Plumbers, a joiner and an electrician are wreaking havoc in what was once our bathroom and will, in ‘a good week and a half at least’ (plumber's promise), be our superb new bathroom. Radio 2 and power tools have been on at full blast. The house has been filled with alarming banging. I have been exiled to the dining room. So, on Tuesday, for a bit of peace and quiet, I left for Dad's much earlier than usual, and paid my first ever visit to the RSPB reserve at Burton Marshes.
As I entered the new visitor centre, I was surprised to see my friend Carolyn's teenage son greeting visitors. He explained that he was on work experience. I embarrassed him something rotten by insisting I take our photo and text it to his mum.
I visited Burton Marshes on Tuesday last week. My Tuesday afternoon visits there, on the way to my Dad's, are becoming something of a habit. I just sat in the car for a couple of hours, taking in the view, watching the occasional little egret through my binoculars, and generally chilling out. Just before I left, I was delighted to spot a whitethroat—a relative rarity for me—in the hawthorn a few yards in front of the car. Of course, by the time I'd got my camera out, it had gone. Still, though.
I was back at Burton Marshes this Tuesday. The weather was glorious, so I sat on one of the benches for 15 minutes, trying (unsuccessfully) to spot any of a number of grasshopper warblers I could hear singing their hearts out in the nearby reeds. They realy do sound uncannily like grasshoppers. But no joy.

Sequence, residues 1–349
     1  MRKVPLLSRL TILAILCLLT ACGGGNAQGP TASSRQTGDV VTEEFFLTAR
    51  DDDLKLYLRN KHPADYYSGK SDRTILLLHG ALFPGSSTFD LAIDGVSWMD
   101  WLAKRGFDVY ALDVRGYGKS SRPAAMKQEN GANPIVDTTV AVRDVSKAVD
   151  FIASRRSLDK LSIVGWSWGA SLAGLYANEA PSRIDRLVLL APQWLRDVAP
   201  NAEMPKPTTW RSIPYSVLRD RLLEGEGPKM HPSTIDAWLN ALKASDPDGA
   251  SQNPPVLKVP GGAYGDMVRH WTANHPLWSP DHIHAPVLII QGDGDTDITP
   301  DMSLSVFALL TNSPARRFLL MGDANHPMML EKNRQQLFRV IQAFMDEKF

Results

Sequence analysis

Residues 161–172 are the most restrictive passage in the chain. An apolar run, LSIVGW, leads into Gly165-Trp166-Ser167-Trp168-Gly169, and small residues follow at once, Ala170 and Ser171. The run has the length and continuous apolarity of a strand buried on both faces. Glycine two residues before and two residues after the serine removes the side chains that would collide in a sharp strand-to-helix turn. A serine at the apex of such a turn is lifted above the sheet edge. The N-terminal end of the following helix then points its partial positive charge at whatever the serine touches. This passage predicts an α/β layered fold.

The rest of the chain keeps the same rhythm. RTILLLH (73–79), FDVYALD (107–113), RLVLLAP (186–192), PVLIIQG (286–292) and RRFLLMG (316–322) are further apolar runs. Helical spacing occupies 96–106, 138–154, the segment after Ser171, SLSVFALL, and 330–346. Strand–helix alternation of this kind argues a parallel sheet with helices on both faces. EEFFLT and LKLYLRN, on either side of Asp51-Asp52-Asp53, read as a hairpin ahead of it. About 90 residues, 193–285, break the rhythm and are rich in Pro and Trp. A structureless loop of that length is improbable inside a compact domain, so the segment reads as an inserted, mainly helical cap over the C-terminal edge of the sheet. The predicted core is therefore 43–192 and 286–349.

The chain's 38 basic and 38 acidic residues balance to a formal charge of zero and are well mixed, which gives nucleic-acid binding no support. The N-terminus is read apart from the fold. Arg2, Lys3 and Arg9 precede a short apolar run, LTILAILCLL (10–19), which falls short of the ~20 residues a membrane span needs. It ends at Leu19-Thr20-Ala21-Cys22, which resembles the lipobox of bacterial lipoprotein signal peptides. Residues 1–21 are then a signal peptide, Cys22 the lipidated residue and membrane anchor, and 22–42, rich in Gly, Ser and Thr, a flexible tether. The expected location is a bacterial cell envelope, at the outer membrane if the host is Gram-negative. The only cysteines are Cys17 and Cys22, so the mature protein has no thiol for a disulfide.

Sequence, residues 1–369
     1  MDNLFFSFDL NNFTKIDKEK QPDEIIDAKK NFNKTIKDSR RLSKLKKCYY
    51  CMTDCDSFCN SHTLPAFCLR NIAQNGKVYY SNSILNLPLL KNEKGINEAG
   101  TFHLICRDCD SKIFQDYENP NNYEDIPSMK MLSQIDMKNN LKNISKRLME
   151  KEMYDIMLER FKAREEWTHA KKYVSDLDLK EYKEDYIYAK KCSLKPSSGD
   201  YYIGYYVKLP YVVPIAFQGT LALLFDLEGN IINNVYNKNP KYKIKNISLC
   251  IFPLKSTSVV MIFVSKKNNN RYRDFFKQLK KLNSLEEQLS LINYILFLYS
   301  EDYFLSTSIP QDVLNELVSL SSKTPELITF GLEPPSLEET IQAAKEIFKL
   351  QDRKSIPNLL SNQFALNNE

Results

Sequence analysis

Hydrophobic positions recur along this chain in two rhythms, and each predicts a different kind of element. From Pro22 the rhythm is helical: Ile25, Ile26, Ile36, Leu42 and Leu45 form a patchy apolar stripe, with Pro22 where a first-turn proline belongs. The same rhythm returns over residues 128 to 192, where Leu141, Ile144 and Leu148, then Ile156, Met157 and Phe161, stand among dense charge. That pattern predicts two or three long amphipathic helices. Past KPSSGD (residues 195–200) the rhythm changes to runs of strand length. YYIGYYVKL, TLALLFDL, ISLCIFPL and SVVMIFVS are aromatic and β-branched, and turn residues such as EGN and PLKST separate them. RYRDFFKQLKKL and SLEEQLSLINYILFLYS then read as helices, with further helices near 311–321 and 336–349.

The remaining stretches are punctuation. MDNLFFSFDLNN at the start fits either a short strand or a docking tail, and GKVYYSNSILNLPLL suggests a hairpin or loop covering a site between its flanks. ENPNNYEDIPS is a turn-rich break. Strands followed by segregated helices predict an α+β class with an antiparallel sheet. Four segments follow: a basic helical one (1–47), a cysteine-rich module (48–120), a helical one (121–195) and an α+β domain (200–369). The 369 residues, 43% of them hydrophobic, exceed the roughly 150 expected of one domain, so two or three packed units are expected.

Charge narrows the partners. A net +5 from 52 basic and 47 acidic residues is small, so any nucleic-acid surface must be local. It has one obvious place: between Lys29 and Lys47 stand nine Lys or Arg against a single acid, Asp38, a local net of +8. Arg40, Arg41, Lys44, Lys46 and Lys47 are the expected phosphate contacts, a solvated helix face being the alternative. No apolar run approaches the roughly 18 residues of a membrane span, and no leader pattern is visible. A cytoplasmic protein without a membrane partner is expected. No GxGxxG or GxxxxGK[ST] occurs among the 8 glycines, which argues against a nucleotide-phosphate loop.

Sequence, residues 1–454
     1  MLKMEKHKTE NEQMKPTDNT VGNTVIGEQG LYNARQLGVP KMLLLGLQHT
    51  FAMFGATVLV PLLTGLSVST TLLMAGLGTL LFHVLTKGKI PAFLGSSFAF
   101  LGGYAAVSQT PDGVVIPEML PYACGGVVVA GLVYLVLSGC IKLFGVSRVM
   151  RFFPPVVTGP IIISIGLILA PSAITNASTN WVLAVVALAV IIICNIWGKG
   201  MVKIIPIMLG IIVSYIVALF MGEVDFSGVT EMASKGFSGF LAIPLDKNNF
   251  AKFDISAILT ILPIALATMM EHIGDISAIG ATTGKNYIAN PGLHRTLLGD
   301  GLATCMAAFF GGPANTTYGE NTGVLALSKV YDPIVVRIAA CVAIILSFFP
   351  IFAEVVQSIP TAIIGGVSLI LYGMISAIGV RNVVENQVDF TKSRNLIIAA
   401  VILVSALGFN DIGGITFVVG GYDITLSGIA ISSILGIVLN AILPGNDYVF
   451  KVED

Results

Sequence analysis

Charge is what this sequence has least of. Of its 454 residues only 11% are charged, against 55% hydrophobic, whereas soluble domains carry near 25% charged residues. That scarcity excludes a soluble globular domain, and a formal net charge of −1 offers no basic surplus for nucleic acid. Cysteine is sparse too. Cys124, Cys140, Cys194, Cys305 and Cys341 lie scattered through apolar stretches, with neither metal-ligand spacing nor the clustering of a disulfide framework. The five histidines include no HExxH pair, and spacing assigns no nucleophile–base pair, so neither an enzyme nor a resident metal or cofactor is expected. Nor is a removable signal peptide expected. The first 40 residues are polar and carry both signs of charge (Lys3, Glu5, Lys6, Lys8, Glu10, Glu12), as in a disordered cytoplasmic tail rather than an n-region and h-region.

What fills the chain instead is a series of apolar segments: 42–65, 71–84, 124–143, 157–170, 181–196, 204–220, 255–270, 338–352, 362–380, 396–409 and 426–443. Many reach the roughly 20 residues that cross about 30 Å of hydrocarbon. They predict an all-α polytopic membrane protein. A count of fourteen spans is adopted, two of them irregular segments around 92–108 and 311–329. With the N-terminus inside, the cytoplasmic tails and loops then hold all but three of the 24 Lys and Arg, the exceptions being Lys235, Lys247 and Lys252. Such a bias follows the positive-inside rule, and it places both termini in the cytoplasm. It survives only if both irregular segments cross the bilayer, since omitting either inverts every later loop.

I then decided to take a short walk up to Burton Point. This turned out to be an excellent decision, as I was soon rewarded with my first proper sighting this summer of a wheatear—several wheatears, in fact. A short while later, I was positively cock-a-hoop to spot three whinchats perched on a bush in a large expanse of sedge, flitting up into the air occasionally after flies. I'm sure I must have seen whinchats before, but I can't hand-on-heart swear that I have, so chalk one up on my unwritten life list.
There were a few more whinchats farther down the track, and several little egrets flew overhead. On the whole, a delightful and productive short walk.
As I returned to the car, I was even jammy enough to spot a whitethroat—the same one as last week, I guess—and actually managed to take a couple of snaps. I was particularly pleased with the first one, which I had to focus manually (as I did with some of my earlier whinchat shots) due to there being too much undergrowth in the way for the camera's autofocus mechanism to deal with.
I've always loved Burton Marshes. They're effectively man-made, exploited by farmers and the military, yet they feel utterly wild and remote. And, most important of all, you tend not to bump into too many other people there.
I can't remember seeing the Dee Marshes in snow before. They had a somewhat Siberian air to them.
The birds were keeping their heads low. I can't say I blamed them. I was eventually rewarded with a (very distant) view of a short-eared owl on the hunt. It was the long, flappy wings that gave it away. Other than that, I only spotted a few gulls and a couple of grey herons. I'm guessing there were also little egrets about, but they will have been uncharacteristically camouflaged.
Two brief visits to the Dee Marshes on consecutive Tuesday afternoons. Last week, it was very misty; this week, less so. Several egrets, and lots of geese and swans—the geese and swans being too far away to identify. Very atmospheric, though, misty marshes.